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AP Interview: Lithuania FM requires regime change in Russia



Lithuania’s high diplomat stated Monday that eradicating Russian President Vladimir Putin from energy is the one technique to defend the West and its allies from future threats from Moscow, urging a good more durable stance than the U.S. and plenty of NATO allies have been keen to pursue since Russia’s invasion of Ukraine.

In an interview with The Associated Press in Washington, Lithuanian Foreign Minister Gabrielius Landsbergis stated Putin’s annual Victory Day speech was “underwhelming” and that the “gloomy faces” of generals and others have been indicators of failing within the Ukraine struggle. Yet, he stated a wounded Putin could also be much more harmful and that the one technique to take away the risk is to take away him.

“From our standpoint, up till the purpose the present regime will not be in energy, the international locations surrounding it will likely be, to some extent, at risk. Not simply Putin however the entire regime as a result of, you recognize, one may change Putin and may change his inside circle however one other Putin may rise into his place,” Landsbergis said.

“And so as long as a regime that intends to wage wars outside Russian territory is in place, the countries surrounding it are in danger,” he said. “And, if one thing was proven to those who doubted it after 2008 in Georgia in 2014 when the first war in Ukraine started, it is that Russia is an aggressive country. That’s very clear.”

Lithuania is one of the three Baltic states that among NATO allies are particularly concerned about possible Russian designs on forcefully returning them to Moscow’s rule. Lithuanian officials, including Landsbergis have been especially outspoken about their fears but his overt calls for regime change go beyond what most NATO allies have been willing to express.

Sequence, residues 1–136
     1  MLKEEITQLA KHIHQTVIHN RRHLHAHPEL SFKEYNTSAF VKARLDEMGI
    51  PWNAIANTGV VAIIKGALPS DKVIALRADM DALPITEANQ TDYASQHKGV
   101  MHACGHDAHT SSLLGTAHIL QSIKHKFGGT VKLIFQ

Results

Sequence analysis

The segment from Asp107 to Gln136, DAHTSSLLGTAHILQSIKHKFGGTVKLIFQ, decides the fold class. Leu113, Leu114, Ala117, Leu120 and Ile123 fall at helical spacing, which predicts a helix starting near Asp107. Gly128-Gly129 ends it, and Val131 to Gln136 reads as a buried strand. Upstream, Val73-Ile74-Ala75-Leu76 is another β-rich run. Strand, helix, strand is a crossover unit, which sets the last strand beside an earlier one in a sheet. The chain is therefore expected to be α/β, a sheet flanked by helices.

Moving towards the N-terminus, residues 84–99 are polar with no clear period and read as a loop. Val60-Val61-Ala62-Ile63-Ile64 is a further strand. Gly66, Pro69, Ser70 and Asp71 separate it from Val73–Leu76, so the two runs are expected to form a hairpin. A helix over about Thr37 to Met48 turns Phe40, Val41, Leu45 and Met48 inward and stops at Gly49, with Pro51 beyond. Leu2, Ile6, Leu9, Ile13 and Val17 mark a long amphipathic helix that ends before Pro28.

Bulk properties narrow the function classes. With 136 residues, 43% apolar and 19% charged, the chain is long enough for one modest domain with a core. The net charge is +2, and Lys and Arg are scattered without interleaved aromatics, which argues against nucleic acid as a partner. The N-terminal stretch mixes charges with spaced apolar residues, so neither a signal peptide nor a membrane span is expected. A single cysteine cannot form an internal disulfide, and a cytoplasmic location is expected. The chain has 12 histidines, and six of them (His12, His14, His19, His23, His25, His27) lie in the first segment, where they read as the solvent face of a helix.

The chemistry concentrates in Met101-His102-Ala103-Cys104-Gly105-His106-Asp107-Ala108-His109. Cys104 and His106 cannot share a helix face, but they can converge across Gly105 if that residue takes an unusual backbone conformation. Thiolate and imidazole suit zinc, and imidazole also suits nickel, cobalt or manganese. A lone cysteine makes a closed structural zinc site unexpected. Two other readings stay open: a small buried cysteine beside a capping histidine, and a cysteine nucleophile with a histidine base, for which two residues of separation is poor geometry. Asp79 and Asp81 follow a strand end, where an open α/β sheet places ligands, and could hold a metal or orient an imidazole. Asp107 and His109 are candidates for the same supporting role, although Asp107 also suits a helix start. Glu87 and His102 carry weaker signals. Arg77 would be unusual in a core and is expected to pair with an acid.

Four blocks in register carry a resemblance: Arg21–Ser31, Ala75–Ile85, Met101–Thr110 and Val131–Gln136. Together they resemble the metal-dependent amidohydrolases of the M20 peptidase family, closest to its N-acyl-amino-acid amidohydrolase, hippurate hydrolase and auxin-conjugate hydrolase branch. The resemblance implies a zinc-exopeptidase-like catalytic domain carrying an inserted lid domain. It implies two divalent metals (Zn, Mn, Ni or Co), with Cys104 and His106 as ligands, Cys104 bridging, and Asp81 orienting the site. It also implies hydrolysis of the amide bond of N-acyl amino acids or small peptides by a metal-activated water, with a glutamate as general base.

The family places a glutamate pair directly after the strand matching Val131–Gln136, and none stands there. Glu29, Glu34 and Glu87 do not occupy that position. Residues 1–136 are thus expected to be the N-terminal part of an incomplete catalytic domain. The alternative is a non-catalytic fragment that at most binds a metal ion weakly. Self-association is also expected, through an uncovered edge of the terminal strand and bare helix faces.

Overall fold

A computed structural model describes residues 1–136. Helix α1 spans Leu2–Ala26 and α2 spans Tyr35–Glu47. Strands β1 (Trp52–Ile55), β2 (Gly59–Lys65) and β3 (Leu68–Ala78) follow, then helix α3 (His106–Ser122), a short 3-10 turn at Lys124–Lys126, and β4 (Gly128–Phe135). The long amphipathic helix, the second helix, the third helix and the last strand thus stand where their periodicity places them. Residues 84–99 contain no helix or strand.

President Joe Biden raised eyebrows among many when he told an audience in Warsaw, Poland in March that “For God’s sake, this man cannot remain in power.” But the White House quickly walked back that statement and Biden himself said he was not calling for regime change in Moscow.

Landsbergis, who was in Washington for meetings with U.S. officials and others, said he had not been impressed by Putin’s Victory Day speech in Red Square.

“‘Underwhelming’ probably is the most used word to describe the situation and I will use that myself,” he said. “I think that we’ve seen a lot of generals and politicians who feel that they’re losing a war to much smaller country that they most probably did not even want to start to begin with.”

“The faces were kind of sad and grim that you usually would not see on the parade day, which is to remember the greatest victory that they think they had, but now it’s not a day of victory for them and many of them they understand that they’re losing,” Landsbergis told The AP.

Many had expected Putin to use the annual commemoration of the Soviet Union’s triumph over Nazi Germany in World War II — a day after the rest of Europe marks Victory in Europe Day — to announce an intensified military push on Ukraine or call for referendums for the annexation of Russian-occupied territory in Ukraine’s east. He did neither.

Landsbergis said Lithuania was pleased with the support that its NATO allies have offered to it and the other countries in the alliance’s eastern flank, but that they needed more. He said Lithuania, along with fellow Baltic nations Estonia and Latvia, would be pressing NATO to supply more air and maritime defenses as well as permanent deployments of troops on their territory when alliance leaders meet in Madrid in late June.

He said the Madrid summit should be a venue where the particular vulnerabilities of the Baltics are taken into account and addressed. “It has to be reflected that NATO has to change its its posture in eastern flank more. In the Baltic states we kind of we feel that we are approaching this point where we are more and more resembling the feeling of West Berlin and during the years of the Cold War,” he said.

He said the Baltics were pleased when Biden said that NATO would defend “every inch” of NATO territory but that those words must be followed by actions.

“We are very happy the way that partners and allies reacted to Russia’s war in Ukraine, sending additional deployments in the Baltic states, but it’s still a short-term solution,” he said. “We believe that we’re approaching the time frame where we have to really take into account the strategic implications of the war.”



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